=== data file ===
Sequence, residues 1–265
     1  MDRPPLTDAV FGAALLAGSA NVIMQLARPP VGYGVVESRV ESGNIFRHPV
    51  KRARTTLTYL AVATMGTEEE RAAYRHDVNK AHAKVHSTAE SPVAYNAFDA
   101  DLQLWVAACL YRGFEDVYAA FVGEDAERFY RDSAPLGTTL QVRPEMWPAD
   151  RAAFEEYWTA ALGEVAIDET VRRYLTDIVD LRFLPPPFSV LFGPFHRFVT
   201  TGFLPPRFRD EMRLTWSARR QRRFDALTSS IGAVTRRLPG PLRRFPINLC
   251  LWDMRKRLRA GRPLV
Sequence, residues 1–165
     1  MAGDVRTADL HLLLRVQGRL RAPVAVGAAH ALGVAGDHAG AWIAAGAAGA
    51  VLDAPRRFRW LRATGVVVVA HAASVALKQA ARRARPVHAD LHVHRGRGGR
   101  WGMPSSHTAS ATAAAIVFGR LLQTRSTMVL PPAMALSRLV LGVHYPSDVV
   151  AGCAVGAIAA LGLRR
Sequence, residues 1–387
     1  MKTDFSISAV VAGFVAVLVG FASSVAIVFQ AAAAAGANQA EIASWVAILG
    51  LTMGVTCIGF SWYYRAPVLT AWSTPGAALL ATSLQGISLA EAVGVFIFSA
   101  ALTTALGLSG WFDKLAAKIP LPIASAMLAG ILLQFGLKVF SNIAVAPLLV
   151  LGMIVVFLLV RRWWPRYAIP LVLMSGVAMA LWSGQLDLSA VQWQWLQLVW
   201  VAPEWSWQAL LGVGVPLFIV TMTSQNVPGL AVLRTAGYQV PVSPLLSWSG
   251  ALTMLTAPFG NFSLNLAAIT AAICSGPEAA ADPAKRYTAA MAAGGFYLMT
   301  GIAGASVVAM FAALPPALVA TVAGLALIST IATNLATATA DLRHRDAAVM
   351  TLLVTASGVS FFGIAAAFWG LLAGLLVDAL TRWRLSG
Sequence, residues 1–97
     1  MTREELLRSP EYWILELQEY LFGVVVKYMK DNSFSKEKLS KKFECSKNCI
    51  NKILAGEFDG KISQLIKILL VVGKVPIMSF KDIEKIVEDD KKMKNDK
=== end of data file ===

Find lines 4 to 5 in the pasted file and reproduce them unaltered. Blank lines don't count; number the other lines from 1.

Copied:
   101  DLQLWVAACL YRGFEDVYAA FVGEDAERFY RDSAPLGTTL QVRPEMWPAD
   151  RAAFEEYWTA ALGEVAIDET VRRYLTDIVD LRFLPPPFSV LFGPFHRFVT